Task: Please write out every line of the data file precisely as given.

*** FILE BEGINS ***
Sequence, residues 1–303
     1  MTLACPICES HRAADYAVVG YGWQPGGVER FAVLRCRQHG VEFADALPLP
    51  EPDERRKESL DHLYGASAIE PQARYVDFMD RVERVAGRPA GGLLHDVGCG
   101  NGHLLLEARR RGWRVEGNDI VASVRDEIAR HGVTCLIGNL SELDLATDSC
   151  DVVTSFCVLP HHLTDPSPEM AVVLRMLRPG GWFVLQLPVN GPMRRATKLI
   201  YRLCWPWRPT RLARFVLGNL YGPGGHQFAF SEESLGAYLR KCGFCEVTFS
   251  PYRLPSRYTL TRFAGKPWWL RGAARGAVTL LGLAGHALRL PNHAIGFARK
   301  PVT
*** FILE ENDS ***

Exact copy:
Sequence, residues 1–303
     1  MTLACPICES HRAADYAVVG YGWQPGGVER FAVLRCRQHG VEFADALPLP
    51  EPDERRKESL DHLYGASAIE PQARYVDFMD RVERVAGRPA GGLLHDVGCG
   101  NGHLLLEARR RGWRVEGNDI VASVRDEIAR HGVTCLIGNL SELDLATDSC
   151  DVVTSFCVLP HHLTDPSPEM AVVLRMLRPG GWFVLQLPVN GPMRRATKLI
   201  YRLCWPWRPT RLARFVLGNL YGPGGHQFAF SEESLGAYLR KCGFCEVTFS
   251  PYRLPSRYTL TRFAGKPWWL RGAARGAVTL LGLAGHALRL PNHAIGFARK
   301  PVT